According to Small, she defined respect as “communicating to others our sincere belief that they, like everyone, possess the inherent strength and capacity to make it in life; they have the right to choose their own alternatives and make their own decisions. Behind the quality of respect is the belief that all human beings are equal and all have the right to choose their own destiny” (1981, p. 51). Respect is important because if there is no respect, then there is no relationship with the client. My skill level with respect is proficient because I am always able to show respect to anyone that I listen to, even if I do not always agree with them. Not demonstrating respect for a client can cause a drastic negative impact on them because it can cause the client to believe that they are not worthy of respect and it can lower their self esteem. “Self-disclosure is the act of sharing our own feelings, attitudes, and experiences with someone in the effort to help that person. Self-disclosure must be meaningful and pertinent both in content and context in order to be therapeutic” (Small, 1981, p. 61). Using self-disclosure when I listen to others is also a very helpful skill. It helps the person I am listening to know that they are not alone. For example, if a client were to tell me that they are stressed with school, work, and family, I would be able to let them know that I understand what they are going through because I have also experienced stress in those areas; With self-disclosure, I can let the client know that they are not alone and provide ease and comfort.
Warmth according to Small is “mainly through nonverbal communication with the person seeking help. Smiles, touching, and other natural responses to the humanness of the one in pain are evidence of warmth in action. When appropriate it is even therapeutic to shed tears along with someone who is hurting” (1981, p. 71). This skill is helpful in some situations, but I do not know if it is helpful in all situations. Sometimes I might use nonverbal communication, such as smiling, but touching is something I don’t know if I am comfortable enough with as a counselor. It depends on the situation, for example, if a client experienced a death in their family and they are crying and grieving about it and they lean in for a hug, being rejecting of a hug would be impolite. However, if the client shows that they do not want a hug then it is best to respect their boundaries in order to make sure they are comfortable. “Research has shown that the word immediacy is the best way to describe how high-functioning therapists keep their clients in the here and now. The relationship between the counselor and client itself becomes a therapeutic ‘tool’” (Small, 1981, p. 83). This skill is very important and I incorporate it when I listen to others because it takes the emphasis off of the clients’ problems and helps direct it to the process in the moment between the listener and the person seeking help.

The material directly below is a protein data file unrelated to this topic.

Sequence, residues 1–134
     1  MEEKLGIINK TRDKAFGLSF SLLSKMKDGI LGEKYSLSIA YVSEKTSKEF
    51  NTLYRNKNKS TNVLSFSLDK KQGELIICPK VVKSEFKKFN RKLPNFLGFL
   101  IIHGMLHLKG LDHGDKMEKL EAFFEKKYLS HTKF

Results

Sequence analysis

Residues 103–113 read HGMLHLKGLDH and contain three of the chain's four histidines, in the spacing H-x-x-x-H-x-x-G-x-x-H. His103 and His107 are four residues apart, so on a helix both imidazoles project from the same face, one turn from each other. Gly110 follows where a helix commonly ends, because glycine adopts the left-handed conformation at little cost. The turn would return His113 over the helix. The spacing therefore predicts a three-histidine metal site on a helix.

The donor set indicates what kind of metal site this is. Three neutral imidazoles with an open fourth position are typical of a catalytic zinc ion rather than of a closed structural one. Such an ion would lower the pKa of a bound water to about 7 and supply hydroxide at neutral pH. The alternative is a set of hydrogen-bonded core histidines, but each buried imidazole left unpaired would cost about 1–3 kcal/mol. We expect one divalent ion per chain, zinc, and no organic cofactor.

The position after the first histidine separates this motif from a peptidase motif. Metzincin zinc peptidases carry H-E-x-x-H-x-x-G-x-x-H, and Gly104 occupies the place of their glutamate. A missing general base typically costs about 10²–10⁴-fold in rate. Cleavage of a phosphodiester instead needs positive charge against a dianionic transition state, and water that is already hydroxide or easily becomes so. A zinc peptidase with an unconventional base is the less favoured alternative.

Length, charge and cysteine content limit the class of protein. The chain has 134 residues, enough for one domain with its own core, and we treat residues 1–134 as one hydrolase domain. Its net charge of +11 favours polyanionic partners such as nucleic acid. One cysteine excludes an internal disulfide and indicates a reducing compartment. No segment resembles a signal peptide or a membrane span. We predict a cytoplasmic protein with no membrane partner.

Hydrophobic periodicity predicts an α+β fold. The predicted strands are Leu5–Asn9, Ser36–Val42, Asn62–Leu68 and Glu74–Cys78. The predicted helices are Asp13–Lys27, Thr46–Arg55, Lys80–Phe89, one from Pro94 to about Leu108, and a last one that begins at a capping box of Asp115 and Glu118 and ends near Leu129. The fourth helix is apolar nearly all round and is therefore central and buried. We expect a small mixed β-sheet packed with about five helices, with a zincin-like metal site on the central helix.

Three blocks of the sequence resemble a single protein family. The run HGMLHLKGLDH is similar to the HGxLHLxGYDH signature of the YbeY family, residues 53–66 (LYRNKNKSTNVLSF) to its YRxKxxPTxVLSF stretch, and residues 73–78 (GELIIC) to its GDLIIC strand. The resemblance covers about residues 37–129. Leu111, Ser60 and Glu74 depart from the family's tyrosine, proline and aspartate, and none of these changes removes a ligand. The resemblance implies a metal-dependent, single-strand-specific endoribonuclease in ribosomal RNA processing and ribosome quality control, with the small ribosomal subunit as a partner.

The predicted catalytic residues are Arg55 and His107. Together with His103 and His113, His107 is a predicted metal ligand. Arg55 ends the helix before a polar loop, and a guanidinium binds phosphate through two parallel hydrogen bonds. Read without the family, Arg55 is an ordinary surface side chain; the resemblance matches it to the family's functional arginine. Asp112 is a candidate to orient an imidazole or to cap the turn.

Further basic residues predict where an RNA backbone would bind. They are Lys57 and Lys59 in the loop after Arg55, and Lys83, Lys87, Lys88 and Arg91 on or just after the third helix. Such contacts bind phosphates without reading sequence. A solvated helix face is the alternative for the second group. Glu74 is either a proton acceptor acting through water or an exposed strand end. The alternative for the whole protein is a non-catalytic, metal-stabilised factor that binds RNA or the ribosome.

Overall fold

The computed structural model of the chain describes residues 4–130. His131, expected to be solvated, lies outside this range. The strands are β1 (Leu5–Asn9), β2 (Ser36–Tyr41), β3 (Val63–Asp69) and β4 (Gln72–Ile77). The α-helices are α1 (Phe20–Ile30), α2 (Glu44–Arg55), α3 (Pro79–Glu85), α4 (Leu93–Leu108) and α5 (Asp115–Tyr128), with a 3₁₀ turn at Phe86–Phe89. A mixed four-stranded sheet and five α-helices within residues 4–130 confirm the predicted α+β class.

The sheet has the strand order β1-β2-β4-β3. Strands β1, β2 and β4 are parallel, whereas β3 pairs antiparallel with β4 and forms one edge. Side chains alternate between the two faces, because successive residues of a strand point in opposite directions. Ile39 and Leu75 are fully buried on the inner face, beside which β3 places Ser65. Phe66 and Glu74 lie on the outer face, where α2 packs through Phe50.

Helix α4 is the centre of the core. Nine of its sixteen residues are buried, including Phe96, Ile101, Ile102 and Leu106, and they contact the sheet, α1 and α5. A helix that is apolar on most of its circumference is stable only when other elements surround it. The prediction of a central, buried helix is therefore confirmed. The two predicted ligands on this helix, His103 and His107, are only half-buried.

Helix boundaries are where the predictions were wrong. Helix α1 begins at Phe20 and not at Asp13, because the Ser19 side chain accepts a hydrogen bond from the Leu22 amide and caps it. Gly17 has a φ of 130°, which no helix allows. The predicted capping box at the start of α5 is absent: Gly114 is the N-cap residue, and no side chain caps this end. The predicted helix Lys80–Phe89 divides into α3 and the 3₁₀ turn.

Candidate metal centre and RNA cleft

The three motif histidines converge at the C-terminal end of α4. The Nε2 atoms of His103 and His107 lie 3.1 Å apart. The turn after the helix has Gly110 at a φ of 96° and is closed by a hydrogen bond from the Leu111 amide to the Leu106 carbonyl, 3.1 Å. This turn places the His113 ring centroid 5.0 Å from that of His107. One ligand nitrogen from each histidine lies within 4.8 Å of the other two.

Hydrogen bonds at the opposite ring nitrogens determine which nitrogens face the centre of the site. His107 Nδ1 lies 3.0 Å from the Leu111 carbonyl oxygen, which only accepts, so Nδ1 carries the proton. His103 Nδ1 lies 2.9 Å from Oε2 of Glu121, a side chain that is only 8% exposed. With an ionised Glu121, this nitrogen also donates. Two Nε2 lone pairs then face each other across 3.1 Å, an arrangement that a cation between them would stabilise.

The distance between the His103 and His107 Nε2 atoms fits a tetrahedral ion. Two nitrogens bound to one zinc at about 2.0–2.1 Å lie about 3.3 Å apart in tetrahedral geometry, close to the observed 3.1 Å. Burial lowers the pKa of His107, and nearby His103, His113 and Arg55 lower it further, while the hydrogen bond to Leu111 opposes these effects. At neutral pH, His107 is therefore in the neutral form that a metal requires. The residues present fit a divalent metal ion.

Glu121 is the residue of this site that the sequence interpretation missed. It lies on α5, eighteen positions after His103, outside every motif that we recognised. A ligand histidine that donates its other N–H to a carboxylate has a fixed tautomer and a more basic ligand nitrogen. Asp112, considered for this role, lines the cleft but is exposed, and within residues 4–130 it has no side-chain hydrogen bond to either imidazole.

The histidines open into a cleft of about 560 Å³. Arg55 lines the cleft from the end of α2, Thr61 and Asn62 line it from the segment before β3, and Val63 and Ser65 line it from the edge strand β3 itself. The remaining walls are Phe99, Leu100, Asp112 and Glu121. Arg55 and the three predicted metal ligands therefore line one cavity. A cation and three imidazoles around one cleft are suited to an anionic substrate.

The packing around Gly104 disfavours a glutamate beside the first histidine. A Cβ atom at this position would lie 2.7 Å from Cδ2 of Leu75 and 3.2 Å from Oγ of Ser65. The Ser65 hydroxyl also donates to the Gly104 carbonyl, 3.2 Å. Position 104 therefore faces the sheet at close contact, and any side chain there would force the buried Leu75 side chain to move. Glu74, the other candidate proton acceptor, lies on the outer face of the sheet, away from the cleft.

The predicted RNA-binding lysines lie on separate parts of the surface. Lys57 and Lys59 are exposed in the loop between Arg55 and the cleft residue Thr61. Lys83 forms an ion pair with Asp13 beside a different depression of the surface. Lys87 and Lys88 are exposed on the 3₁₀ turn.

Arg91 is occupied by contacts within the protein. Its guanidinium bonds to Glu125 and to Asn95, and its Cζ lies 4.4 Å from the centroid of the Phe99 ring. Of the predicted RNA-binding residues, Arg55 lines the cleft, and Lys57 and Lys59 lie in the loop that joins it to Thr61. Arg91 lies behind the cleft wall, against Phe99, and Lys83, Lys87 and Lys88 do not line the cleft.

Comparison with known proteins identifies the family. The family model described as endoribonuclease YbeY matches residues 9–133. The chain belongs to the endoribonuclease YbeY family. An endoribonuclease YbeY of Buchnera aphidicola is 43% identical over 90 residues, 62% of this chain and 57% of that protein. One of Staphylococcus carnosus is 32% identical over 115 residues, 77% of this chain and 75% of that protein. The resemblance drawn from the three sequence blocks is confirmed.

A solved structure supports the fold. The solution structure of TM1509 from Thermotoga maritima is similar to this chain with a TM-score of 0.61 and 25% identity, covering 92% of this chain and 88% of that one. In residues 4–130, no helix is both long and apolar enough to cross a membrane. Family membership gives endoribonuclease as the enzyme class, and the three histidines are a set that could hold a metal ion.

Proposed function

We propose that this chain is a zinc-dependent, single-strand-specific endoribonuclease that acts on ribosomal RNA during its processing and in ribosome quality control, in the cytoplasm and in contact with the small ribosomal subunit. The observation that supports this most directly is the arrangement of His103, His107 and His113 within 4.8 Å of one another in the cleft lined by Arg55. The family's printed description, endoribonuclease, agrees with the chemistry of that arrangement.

Small described concreteness as “the act of keeping communications specific-getting to the what’s, when’s, where’s, and how’s of present concerns” (Small, 1981, 93). My skill level with concreteness is good because I do not talk in abstract ways when I am listening to the client because being concrete helps the client by letting them express their feelings. while also helps clinicians because it gives them the ability to point out avoidant behaviors and gently draw a client back to the relevant issues and feelings in the moment. “Confrontation is used to bring people face-to-face with reality when we perceive an obvious denial or untruth on their part” (Small, 1981, p. 105). This skill is very important. Most people view confrontation as something negative, but that is not always the case. Confrontation can be a positive experience and can assist the person seeking help to come to realizations. I have not used this skill when listening, but I know that I will in the future because it is an important tool that helps the client to come to terms with denial or untruth, and will help them explore their own thoughts and feelings.